It doesn’t beat the GoPro Hero 7 Black in all areas though. GoPro’s ‘TimeWarp’ mode is smoother and more polished than the Osmo Action’s hyperlapses (you can see this on our video samples page). GoPro also offers a livestreaming mode, and its Quik app is more powerful for making edits and QuikStories.
Also, while DJI has a range of accessories coming for the Osmo Action (including a charging hub and tripods), there’s no word yet on when these will be available and many of the Osmo Pocket’s accessories have been delayed. This means that, right now, the GoPro Hero 7 Black has a bigger family of third party accessories.
Related: DJI Osmo Action vs GoPro Hero 7 Black: which should you buy?
Video and image quality – Up there with the GoPro Hero 7 Black, but it’s a close call
On paper, the DJI Osmo Action is a slight step up from GoPro’s flagship, with a higher recording bit-rate of 100Mbps and the option of an HDR video mode. But in reality there isn’t much in it, with processing giving each camera the edge in different modes.
Both cameras’ 1/2.3-inch CMOS sensors produce detailed 4K video at 60fps with good dynamic range, and with excellent electronic image stabilisation.
The GoPro Hero 7 Black’s big advantage over other action cams has been its HyperSmooth stabilisation, but DJI pretty much matches it in most ways, except in hyperlapses which are smoother on the GoPro. That’s an impressive feat from DJI, whose background is in making mechanical gimbals for its drones rather than EIS.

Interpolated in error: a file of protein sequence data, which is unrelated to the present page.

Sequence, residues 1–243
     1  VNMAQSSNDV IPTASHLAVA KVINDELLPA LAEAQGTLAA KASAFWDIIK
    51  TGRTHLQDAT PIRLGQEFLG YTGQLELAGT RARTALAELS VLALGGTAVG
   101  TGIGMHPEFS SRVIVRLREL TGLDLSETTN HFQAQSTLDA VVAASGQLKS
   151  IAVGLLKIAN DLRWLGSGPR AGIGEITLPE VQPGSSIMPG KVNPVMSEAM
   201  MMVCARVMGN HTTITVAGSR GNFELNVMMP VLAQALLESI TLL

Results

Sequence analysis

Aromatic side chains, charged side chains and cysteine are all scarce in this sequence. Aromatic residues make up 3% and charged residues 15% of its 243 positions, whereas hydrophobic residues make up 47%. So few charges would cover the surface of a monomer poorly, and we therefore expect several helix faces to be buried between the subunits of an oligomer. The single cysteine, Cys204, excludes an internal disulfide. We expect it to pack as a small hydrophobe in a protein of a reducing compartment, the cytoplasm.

The Osmo Action’s video quality has a less ‘processed’ look than the Hero 7 Black, with less saturation and sharpening baked in. This works in its favour in 1080p, with details looking much clearer, though the Hero 7 Black’s processing handles motion better in 4K capture.
Both cameras also have a similar field of view with special modes that help correct the fisheye of their wide-angle lenses. On the Osmo Action this is called ‘Dewarp’ and has a similar effect to GoPro’s Linear mode – the image above on the left is the standard fisheye view, while the one on the right is with ‘Dewarp’ turned on. Unlike on GoPro cameras, this is also available when shooting in 4K on the Osmo Action. It’s not the best choice for every scene, but it’s nice to have the option in all modes.